L is for Warren Lewis and Walter Hooper (A to Z on Tolkien and the Inklings)

L is for Warren Lewis, C. S. Lewis's elder brother, and Walter Hooper, Lewis's biographer.

Hooper came in later, having met Lewis in the last year of his life.

But Major Warren Lewis -- Warnie -- was, if Lewis was the centre of the Inklings, always there. He lived with his brother after he retired from the army, and wrote a number of books on seventeenth century French history and biography. I have a couple of these in our piles in storage, but haven't read them yet.

Chiefly, however, he kept diaries, including mentions of nearly all the Inklings sessions. Humphrey Carpenter had access to these when writing his biography of the Inklings; they're kept in the Wade Collection at Wheaton College in Illinois, just outside of Chicago. I'd love to visit Wheaton someday...

There are seven authors featured at the Wade Centre: Owen Barfield, Charles Williams, C. S. Lewis, Dorothy L. Sayers, George MacDonald, G. K. Chesterton, and J. R. R. Tolkien. Barfield was the only one who was able to visit the Centre:


According to the Wade Centre blog, "the video is an edited version of the full 37-minute recording ...
In the video, Kilby begins by showing Barfield the Wade's recently acquired Lewis Family Wardrobe on display in the Wade Center's Reading Room...
Although Kilby states that the maker of the wardrobe is uncertain, it was later confirmed that this wardrobe was handmade by Richard Lewis, C. S. Lewis's paternal grandfather sometime in the 1800s. The wardrobe stood for many years in the Lewis family home of Little Lea in Belfast, Northern Ireland, and was later transported to C. S. Lewis's adult home, "The Kilns," in England.
Along with Lewis's writing desk, chair, and dining table, the wardrobe was purchased at auction in Banbury, England, on October 30, 1973 after Warren Lewis's death.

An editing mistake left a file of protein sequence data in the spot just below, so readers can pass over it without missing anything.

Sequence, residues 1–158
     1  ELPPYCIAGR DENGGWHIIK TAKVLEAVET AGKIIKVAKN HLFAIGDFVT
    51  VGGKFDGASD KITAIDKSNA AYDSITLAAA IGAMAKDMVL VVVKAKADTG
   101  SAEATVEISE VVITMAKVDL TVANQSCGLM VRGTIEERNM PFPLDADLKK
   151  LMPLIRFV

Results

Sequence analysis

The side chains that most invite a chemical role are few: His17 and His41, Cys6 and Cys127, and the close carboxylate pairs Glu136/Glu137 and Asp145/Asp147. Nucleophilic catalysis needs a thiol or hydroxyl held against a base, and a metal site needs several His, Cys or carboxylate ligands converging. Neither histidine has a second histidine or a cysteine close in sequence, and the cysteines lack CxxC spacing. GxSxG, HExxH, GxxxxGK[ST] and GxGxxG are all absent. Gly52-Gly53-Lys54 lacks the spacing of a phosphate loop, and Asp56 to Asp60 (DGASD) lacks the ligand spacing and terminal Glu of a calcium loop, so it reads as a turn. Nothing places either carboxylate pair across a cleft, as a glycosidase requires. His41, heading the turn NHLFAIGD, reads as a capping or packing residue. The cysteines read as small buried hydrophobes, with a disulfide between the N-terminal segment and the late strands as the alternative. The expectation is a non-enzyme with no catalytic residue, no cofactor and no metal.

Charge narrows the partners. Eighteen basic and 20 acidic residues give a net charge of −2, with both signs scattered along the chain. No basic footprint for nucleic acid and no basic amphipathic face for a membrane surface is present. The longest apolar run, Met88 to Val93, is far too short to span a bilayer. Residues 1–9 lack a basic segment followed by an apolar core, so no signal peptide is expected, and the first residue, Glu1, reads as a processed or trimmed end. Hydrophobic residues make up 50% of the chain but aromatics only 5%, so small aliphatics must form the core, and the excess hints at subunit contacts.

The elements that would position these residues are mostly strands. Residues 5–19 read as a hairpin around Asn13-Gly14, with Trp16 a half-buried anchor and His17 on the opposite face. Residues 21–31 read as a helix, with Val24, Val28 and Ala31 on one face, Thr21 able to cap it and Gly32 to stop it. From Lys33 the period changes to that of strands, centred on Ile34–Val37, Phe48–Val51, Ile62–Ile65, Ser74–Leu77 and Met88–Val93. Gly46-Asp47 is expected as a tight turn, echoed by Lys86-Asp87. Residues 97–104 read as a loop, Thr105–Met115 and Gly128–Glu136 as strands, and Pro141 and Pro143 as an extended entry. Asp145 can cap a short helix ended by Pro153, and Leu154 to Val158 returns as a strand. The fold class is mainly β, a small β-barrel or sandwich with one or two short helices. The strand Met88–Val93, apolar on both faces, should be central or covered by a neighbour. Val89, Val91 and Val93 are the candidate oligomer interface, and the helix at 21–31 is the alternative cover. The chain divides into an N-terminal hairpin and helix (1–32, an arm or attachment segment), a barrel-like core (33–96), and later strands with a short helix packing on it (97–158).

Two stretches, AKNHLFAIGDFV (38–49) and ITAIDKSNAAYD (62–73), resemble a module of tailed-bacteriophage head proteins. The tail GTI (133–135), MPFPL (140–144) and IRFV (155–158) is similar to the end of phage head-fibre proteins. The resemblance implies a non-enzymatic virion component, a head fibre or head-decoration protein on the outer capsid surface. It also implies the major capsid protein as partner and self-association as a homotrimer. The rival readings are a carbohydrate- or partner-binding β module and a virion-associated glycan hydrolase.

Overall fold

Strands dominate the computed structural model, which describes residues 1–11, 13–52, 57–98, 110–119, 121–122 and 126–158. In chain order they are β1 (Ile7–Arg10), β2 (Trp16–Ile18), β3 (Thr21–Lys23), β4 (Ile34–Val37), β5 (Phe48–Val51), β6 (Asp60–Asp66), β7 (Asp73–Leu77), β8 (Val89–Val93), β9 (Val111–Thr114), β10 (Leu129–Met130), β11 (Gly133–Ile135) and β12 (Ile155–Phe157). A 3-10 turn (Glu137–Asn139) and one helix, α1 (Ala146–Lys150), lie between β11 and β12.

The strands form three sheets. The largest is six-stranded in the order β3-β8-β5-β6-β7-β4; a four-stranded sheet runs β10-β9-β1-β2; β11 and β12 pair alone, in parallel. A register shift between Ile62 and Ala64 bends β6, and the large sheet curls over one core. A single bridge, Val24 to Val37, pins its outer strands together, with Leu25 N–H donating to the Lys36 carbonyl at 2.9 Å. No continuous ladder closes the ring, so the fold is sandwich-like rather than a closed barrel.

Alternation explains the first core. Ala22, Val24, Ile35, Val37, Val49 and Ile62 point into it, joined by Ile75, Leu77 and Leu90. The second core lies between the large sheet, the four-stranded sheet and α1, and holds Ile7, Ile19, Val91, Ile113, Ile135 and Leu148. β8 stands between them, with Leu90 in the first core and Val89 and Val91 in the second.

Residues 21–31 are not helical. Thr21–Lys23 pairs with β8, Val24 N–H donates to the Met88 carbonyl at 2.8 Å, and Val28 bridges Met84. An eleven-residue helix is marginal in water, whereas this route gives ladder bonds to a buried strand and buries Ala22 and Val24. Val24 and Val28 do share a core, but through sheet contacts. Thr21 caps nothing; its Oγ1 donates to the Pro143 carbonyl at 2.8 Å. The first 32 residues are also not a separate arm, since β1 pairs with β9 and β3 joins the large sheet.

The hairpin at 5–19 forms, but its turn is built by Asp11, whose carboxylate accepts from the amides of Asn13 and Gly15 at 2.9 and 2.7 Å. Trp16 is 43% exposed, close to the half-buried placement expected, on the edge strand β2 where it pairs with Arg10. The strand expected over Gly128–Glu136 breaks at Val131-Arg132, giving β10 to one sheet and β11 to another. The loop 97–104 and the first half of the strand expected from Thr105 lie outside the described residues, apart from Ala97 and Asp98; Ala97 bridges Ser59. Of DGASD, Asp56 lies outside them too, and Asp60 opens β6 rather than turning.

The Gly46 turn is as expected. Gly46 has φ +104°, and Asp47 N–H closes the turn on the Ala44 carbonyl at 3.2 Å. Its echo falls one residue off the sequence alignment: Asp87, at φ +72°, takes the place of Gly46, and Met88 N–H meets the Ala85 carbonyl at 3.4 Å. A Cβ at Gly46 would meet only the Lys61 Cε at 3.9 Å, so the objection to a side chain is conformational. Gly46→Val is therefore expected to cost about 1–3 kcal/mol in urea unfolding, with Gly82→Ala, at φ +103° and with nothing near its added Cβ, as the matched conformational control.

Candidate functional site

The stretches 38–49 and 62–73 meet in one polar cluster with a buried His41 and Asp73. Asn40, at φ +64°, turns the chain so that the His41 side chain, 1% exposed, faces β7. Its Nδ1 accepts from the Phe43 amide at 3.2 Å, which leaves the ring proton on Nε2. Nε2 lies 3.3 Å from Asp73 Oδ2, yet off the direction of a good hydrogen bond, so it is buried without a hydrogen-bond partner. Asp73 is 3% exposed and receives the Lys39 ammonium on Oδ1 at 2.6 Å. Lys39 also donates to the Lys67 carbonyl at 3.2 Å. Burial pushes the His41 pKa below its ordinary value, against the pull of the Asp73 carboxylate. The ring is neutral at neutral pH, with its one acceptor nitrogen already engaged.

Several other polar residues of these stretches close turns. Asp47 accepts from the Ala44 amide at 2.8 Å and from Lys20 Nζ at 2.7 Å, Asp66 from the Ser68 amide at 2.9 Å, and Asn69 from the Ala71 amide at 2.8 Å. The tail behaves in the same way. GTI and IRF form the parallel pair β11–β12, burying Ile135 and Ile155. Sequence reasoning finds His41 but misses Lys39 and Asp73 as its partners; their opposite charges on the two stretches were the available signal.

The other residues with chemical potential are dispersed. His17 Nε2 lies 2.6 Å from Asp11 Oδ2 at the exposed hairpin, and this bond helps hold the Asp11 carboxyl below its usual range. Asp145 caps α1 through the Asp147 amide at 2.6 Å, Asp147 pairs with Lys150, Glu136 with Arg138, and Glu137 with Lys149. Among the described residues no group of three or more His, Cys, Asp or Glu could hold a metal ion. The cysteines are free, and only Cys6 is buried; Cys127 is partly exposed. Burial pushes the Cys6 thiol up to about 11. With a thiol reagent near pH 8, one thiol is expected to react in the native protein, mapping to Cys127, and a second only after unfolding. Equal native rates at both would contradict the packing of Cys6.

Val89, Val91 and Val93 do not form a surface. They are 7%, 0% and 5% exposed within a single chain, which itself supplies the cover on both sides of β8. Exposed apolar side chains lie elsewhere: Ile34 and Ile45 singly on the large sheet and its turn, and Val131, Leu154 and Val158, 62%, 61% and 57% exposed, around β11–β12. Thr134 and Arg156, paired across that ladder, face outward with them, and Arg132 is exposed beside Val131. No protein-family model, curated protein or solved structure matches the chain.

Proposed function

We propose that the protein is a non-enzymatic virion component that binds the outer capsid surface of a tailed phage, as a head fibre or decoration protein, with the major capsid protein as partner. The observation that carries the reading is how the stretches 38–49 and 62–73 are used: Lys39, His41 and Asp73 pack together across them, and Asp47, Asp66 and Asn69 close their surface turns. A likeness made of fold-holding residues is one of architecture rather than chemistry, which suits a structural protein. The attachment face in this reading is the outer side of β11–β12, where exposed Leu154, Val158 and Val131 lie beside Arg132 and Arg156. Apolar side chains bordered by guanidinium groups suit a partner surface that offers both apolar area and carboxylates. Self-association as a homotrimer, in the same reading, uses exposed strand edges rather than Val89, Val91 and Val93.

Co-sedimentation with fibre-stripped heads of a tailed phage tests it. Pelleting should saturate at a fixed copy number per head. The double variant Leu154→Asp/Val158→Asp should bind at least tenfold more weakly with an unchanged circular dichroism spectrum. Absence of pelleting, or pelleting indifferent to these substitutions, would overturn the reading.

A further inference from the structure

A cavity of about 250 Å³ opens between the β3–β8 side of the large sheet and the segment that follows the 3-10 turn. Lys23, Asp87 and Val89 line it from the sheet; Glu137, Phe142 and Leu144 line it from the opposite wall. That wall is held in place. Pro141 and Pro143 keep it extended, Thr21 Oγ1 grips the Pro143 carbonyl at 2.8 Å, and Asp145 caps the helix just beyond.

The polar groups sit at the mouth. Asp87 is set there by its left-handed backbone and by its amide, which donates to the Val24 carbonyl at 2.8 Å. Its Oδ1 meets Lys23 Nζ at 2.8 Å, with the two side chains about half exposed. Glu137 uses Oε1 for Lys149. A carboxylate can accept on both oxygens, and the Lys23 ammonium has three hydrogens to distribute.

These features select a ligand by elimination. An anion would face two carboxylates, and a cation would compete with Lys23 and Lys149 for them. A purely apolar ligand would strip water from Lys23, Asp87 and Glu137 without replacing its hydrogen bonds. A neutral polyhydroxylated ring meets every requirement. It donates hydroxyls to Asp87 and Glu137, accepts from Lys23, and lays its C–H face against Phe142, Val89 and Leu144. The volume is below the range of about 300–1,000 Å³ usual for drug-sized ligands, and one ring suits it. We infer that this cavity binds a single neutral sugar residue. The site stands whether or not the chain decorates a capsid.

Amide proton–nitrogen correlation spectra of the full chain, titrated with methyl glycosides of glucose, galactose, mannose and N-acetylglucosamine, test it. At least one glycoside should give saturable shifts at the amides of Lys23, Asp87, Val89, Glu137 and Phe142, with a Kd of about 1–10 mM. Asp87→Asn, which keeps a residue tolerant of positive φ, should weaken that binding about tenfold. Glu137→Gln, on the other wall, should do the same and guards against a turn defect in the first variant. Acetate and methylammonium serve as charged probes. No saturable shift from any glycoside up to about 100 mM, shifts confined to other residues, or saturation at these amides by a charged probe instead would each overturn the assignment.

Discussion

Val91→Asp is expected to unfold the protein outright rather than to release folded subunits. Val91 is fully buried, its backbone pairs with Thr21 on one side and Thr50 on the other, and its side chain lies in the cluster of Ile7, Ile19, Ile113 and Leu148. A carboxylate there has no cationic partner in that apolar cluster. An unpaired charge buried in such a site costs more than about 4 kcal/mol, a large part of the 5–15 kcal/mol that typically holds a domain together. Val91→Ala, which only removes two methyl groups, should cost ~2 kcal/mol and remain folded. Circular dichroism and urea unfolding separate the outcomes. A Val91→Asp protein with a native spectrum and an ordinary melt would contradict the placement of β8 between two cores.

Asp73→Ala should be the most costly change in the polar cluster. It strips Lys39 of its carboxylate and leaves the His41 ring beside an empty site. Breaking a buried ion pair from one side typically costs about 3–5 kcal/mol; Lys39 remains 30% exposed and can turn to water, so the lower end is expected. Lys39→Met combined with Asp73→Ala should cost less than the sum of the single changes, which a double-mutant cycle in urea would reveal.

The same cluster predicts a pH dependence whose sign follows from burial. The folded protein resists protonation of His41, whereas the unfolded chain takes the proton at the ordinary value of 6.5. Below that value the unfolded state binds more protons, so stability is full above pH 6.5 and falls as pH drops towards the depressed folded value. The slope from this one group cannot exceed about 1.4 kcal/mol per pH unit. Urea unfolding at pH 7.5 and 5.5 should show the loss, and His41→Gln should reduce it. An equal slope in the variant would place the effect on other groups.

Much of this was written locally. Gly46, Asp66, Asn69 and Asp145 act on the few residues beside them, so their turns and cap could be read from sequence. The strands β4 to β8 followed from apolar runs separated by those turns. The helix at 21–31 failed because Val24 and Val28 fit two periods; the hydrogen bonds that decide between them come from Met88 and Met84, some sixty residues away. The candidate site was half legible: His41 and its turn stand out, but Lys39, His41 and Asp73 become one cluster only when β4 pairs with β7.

Kilby then shows Barfield a copy of The Silver Trumpet, Barfield's fairy tale for children that was enjoyed by C. S. Lewis, J. R. R. Tolkien, and Tolkien's children. The story rests on the fate of the Silver Trumpet, the symbol of hope and the vibrancy of life for a kingdom and its inhabitants.
After being seated by the Reading Room fireplace, Barfield and Kilby discuss Barfield's decades long friendship with C. S. Lewis. The video concludes with a brief excerpt from the beginning of Barfield's lecture, titled "C. S. Lewis: Truth and Imagination," which was given later that evening... Barfield's talk, the third annual Wade Lecture, is available on sound recording at the Wade Center."

Lewis and Barfield used to take walking tours every spring, and later, others came along on these tours, including Warnie. Carpenter notes: "It was an idyllic way to spend three or four days. Footpaths were plentiful, motor traffic rarely disturbed the quiet of the countryside, roads were often unmetalled and comfortable to the feet, inns were numerous and cheap, so that reservations for the night were not often necessary, and pots of tea and even full meals could be bought in most villages for the smallest sums. Much of rural England was in fact still as it had been in the nineteenth century." 

Apparently the Wade Centre also has a collection of Warnie Lewis' walking tour maps. I'd love to see those!

Where would you like to go on a walking tour?
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